Family Firms as Institutions: Cultural reproduction and status maintenance among multicentenary shinise in Kyoto

Shinise are firms that have survived for more than a century (often for three or four), have retained ownership within the family, and focus on traditional line of business such as sake brewing, confectionery, temple ornaments or textiles. In Japan, Kyoto is the city with the highest proportion of century-old firms which maintain a high social status in the community. While similar firms are also located in other prefectures, the prominent standing that shinise possess in the community of Kyoto confers upon them (and the owning families) distinctive social and economic benefits.

In this lecture, we will explore the socio-cultural processes that shape and allow the maintenance of the high social status of shinise in Kyoto. Our analysis will unlock the ongoing interactions through which the social order is re-enacted and reproduced, ascribing shinise a distinct social standing in exchange for their continued commitment to practices and structures that help the community preserve its cultural integrity and collective identity. By doing so, we will trace a connection between status maintenance and the expressive function that a category of firms performs within a community. At the same time, we will reveal a dark side of high status, by showing how their commitments lock shinise in a position of ‘benign entrapment’ that may impose sacrifices on family members and severe limitations to their personal freedom.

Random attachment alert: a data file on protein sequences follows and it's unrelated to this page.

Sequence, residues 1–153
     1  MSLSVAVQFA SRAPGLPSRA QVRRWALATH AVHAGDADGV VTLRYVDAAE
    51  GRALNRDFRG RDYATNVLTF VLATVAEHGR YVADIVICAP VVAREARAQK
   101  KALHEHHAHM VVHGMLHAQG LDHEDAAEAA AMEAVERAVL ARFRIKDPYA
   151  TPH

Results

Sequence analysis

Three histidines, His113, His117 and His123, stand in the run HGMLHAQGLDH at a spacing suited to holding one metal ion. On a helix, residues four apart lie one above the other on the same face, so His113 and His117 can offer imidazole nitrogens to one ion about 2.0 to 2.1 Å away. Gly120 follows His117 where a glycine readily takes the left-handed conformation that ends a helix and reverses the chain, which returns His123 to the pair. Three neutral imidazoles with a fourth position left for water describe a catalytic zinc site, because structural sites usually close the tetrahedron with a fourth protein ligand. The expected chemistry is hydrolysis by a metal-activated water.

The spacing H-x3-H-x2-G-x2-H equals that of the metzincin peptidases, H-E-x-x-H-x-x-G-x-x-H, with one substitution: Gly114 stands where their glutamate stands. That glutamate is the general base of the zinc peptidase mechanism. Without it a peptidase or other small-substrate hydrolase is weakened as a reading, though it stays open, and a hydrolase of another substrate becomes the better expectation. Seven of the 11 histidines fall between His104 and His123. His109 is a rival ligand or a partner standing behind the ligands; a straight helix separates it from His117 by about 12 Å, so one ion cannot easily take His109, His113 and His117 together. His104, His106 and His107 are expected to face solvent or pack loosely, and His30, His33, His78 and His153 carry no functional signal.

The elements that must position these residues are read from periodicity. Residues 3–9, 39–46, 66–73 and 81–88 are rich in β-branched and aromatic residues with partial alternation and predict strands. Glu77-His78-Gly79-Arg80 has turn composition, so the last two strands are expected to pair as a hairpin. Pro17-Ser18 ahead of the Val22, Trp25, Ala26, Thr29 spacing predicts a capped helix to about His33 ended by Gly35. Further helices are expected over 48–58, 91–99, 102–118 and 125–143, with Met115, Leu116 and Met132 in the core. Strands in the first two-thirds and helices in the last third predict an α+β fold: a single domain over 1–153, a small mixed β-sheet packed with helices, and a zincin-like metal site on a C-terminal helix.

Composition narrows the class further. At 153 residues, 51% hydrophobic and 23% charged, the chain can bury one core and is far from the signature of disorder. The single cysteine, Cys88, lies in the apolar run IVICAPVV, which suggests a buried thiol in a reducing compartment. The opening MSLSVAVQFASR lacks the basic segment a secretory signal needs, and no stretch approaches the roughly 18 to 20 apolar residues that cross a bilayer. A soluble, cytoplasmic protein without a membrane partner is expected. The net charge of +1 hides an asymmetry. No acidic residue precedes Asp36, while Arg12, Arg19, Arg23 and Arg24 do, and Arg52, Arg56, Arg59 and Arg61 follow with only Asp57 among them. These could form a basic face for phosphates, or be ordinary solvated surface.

Date: Monday 17 June 2019, 6.45pm
Venue: The Swedenborg Society, 20-21 Bloomsbury Way, London WC1A 2TH

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